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Integrative Pediatrics and ADD

What are parents interested in learning about their child’s Attention Deficit Disorder? According to a small study done at Wake Forest Baptist Medical Center, parents want to know about sleep, diet, exercise, and managing stress for their children. To find out about these things, parents are turning to integrative pediatricians.

An integrative pediatrician uses natural remedies, often called alternative therapies or complementary medicine, along with the more established conventional Western medical practices currently used in pediatric medicine. Rather than proceeding directly to prescribing medication, an integrative pediatrician will try to treat a problem like the hyperactivity and inattention of ADD/ADHD in a more natural way.

Some children do not benefit from medication. Others might use medication as part of a total package to help them get the best possible symptom relief. An integrative pediatrician will look at the nutritional status of the child. Testing might be done to make sure that the child is not deficient in vitamins and minerals. Sleep hygiene could be explored to see if the symptoms of ADD/ADHD are being amplified by a lack of sleep. Various exercise regimens can be investigated. Some of these are yoga, martial arts or a running program. A neuro-feedback program might be recommended. Cognitive therapy could be helpful.

An integrative pediatrician might be able to help with challenges in the school setting. Behavioral interventions should be discussed. Recent research has shown that many students with Attention Deficit disorder also have struggles with reading and math in the form of learning disabilities. Testing for these problems might be recommended. Counseling could be suggested.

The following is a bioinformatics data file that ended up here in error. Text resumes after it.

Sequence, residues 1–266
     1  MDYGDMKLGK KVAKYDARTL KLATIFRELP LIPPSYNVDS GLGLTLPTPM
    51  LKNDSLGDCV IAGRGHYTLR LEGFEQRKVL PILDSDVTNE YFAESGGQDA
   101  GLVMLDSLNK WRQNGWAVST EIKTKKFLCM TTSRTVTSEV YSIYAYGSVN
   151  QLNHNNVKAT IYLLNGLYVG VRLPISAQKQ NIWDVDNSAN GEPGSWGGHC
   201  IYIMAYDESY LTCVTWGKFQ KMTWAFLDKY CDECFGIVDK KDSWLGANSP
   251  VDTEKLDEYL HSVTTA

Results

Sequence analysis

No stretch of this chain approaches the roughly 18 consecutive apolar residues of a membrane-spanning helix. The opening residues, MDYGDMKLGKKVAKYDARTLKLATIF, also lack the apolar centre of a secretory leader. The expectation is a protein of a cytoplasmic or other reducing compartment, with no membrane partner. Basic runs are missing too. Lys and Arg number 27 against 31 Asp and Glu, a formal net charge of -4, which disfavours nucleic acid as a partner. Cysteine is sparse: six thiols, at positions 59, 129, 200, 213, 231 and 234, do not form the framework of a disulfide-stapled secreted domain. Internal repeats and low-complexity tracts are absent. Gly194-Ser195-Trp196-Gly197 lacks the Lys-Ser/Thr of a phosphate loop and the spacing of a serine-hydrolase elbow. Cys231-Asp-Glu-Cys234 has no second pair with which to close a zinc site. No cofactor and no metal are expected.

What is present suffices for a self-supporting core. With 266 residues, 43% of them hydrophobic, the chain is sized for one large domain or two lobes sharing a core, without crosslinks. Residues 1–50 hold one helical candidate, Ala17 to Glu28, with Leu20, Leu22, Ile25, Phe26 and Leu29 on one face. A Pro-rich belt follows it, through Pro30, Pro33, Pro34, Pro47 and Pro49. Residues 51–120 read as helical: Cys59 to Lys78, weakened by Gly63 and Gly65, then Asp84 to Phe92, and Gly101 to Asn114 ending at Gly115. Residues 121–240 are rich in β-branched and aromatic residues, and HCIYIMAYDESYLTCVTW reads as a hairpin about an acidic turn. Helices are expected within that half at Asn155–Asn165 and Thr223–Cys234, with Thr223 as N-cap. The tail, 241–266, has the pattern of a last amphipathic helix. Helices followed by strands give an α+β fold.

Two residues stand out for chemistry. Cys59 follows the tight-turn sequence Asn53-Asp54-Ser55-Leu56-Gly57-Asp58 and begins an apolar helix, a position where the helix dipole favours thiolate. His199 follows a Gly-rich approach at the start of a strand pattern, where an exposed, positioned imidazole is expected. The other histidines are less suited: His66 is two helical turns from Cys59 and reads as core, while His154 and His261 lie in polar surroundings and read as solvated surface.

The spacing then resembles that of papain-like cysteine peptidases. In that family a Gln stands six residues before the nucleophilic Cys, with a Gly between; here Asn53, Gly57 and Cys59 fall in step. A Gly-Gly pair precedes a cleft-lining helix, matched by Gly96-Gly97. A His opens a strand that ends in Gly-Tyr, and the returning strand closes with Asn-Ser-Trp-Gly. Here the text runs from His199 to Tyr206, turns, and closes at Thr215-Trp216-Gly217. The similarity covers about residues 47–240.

In addition to treating problems, integrative pediatricians strive to promote a healthy lifestyle. They have a focus on providing information on nutrition and exercise and how it relates to the overall health of the individual child. Building a healthy lifestyle for the child that continues into adulthood is a hallmark of integrative medicine.

When taking your child to an integrative pediatrician, make sure that the doctor is board certified. This lets you know that they have studied their craft and met rigorous standards of knowledge. If you are taking your child to an integrative pediatrician and other doctors, please let all of your doctors know what medications and supplements that your child is taking. Natural medications, such as herbs and supplements are “natural,” but they are also powerful medications with active elements. All medications, whether natural or made by a pharmaceutical company, have a possibility of combining to produce negative reactions when used together.

Parents want to find the best possible treatment for their child’s Attention Deficit Disorder. While some people believe that the use of medication is the first line of treatment for the symptoms of ADD/ADHD, others believe that a different method might help. Increasingly, those parents are turning to integrative pediatricians to help them put together a varied treatment package for their child.

This article was not written by a medical professional. It is provided for informational purposes, and it is not meant to replace advice from a medical practitioner.

Resource:
Wake Forest Baptist Medical Center (2012, January 24). Children with ADHD benefit from healthy lifestyle options as first-line treatment. ScienceDaily. Retrieved January 26, 2012, from http://www.sciencedaily.com¬ /releases/2012/01/120124134425.htm


Dr. Andrew Weil is a well-known figure in integrative medicine. The Oxford University Press is publishing the Weil Integrative Medicine Library. These books, which are targeted for clinicians, contain a lot of useful information about integrative medicine. Integrative Pediatrics is recommended for readers who want an authoritative book on the subject, enjoy scientific detail and timely information. A link is provided below.

Integrative Pediatrics (Weil Integrative Medicine Library)

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This content was written by Connie Mistler Davidson. If you wish to use this content in any manner, you need written permission. Contact Connie Mistler Davidson for details.



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